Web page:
The English rose THE WEDGWOOD ROSE is an extremely vigorous shrub with fragrant large flowers in the style of Old Roses. Notes of clove are clearly felt in the fruity aroma. THE WEDGWOOD ROSE was named after a pottery company that has existed since 1759 and in 2009 it celebrated its 250th anniversary. Next are the characteristics that the plant will show in the second, third, or even fourth year after planting with proper care.
CHARACTERISTICS OF THE WEDGWOOD ROSE
- Group – English Roses
- Subgroup – English musk hybrids
- Main form – climbing
- Height – more than 3 m
- Diameter – from 80 cm
- Bush shape – whips of this variety form vertically along the support
- Flower color – soft pink
- Number of petals – 70
- Flower shape – cupped
- Flower size – 9 cm
- Blossom shape – clusters
- Blossom type – repetitive
- Aroma – medium saturation
- Foliage – green, leathery, shiny, large, medium density
- Shoots – long, flexible, more thin, but strong
- Features – shows itself brighter in a sunny area; does not like rain and prolonged low temperatures; rarely gets sick; with strong pruning it can be grown as a bush
- Resistance to powdery mildew – high
- Resistance to black spot – high
- Cold hardiness – 5 – 11 USDA zones
- Breeder – D. Austin
- Catalog name – Ausjosiah
- Year of introduction – 2009
- Soil – chalky, clayey, loam, sandy
- pH – there may be slight fluctuations from neutral
- Drainage – required
- Site – sunny/partial shade
- Container – yes (from 80 l)
- Standard – yes, but only high
- Planting types – various types of supports: arches, pillars, fences, walls; in mixed plantings and as separate shrubs, hedges
Care for the climbing rose THE WEDGWOOD ROSE as follows:
- Planting for roses is the most important and initial step in caring for them. THE WEDGWOOD ROSE prefers sunny areas with good drainage. It grows on almost all types of soil. The soil must be loose in order to allow sufficient water and air to pass to the root system.
- Watering. THE WEDGWOOD ROSE is watered as needed. It can be from 15 liters of water per 1 adult bush, on average, 2-3 times a week. In dry times, watering is increased. Watering is usually more frequent if the plant grows in container. In both cases, it all depends on the weather conditions.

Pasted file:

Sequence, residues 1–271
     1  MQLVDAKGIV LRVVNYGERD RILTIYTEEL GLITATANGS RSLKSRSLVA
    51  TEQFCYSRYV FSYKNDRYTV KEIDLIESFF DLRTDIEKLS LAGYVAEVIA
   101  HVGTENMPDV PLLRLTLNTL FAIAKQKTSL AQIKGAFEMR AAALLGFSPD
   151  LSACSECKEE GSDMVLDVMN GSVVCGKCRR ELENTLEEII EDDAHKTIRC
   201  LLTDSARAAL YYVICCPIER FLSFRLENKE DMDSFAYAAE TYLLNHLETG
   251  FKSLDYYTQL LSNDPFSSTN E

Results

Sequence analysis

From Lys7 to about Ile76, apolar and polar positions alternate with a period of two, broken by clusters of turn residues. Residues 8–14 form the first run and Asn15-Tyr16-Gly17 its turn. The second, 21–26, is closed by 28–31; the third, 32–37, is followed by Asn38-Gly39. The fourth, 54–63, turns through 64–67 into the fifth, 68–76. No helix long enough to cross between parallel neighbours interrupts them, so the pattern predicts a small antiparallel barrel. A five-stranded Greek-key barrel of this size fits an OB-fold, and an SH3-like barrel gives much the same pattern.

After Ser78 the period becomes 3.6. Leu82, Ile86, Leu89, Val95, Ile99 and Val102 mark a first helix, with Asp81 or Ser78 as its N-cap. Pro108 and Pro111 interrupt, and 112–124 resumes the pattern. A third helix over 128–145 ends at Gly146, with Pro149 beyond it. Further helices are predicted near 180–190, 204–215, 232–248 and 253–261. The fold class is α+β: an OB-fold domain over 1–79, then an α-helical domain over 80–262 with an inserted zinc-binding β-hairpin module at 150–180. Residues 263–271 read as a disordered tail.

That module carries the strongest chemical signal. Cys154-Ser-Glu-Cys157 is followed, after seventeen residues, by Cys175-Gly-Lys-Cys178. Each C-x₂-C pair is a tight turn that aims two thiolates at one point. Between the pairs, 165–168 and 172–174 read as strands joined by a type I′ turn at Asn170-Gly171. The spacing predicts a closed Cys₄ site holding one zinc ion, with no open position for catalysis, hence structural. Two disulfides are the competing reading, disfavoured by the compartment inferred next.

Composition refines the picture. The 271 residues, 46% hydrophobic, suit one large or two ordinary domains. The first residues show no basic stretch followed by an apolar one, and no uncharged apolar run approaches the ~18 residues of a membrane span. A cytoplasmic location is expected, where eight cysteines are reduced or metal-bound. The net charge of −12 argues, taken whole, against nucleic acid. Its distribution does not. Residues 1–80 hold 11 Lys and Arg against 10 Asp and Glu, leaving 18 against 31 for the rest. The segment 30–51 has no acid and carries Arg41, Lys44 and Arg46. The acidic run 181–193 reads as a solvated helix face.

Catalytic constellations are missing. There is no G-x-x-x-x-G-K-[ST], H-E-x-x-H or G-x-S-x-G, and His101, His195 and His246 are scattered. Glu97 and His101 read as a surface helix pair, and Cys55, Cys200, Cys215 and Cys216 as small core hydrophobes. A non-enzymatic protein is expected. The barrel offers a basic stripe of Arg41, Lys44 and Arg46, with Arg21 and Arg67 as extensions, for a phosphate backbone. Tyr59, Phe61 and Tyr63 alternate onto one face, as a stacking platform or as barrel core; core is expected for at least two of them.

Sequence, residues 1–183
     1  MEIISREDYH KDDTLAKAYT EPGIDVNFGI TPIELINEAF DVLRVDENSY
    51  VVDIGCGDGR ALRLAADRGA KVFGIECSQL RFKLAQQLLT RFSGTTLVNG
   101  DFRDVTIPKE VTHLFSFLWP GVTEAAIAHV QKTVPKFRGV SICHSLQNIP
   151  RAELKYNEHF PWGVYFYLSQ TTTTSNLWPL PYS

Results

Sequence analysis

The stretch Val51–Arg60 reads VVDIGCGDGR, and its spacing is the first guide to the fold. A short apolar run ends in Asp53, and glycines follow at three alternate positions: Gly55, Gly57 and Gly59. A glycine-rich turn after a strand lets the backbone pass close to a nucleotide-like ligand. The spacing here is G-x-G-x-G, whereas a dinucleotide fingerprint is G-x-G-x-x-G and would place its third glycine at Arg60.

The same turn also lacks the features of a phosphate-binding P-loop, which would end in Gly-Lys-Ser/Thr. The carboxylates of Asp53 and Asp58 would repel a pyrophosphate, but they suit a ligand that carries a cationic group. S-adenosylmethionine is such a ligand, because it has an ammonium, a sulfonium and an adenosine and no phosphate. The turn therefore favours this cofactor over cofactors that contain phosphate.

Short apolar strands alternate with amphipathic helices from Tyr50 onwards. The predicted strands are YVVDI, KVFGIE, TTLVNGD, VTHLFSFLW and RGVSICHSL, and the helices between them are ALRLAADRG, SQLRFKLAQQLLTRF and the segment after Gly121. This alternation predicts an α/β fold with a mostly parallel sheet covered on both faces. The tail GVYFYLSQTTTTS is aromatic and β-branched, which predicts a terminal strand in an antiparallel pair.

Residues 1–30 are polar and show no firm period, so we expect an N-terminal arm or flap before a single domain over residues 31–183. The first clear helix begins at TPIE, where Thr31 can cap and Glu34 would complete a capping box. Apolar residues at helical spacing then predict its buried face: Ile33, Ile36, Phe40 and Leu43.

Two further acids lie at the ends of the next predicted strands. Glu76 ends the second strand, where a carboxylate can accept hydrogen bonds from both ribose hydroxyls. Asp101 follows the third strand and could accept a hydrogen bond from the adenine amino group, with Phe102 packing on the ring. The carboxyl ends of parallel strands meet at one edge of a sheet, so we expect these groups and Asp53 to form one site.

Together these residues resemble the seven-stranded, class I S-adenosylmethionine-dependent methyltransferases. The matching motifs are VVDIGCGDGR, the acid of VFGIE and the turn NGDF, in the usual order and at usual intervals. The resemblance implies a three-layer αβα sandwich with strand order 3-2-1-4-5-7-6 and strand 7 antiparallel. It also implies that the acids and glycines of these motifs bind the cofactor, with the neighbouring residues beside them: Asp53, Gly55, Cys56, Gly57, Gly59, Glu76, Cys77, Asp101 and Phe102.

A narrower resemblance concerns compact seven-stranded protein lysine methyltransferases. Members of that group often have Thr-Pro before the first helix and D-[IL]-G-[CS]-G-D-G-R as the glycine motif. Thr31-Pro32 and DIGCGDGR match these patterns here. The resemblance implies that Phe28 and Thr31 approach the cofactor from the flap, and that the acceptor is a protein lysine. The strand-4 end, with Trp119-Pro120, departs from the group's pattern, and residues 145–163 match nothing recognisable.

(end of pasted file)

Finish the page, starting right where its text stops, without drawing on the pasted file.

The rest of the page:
- Fertilizing is carried out at least 2 – 3 times during the growing season. It can be both mineral fertilizers and organic. Roses are also given mineral complexes that are introduced by spraying. For roses growing in pots, feeding is increased, but the doses are smaller.
- The pruning of a rose depends on the group to which it belongs. Pruning is done twice: in the summer, faded parts are constantly cut off to stimulate the appearance of new flowers, and in the fall, winter or early spring, pruning is carried out to form the plant and prevent diseases or pests hiding under the bark of the plant. Potted roses are also pruned.
- Loosening and weeding the soil around the rose bush is needed to circulate air, moisture and nutrients for the root system. To minimize your labor costs, use mulching. This farming technique will help reduce weeds and keep the soil moist longer. This also applies to container roses.
- Shelter for the winter is especially needed if the subzero temperatures are very low or the winter is characterized by frequent long thaws, which are suddenly replaced by minus. Roses growing in pots must be covered.
Enjoy your cultivation!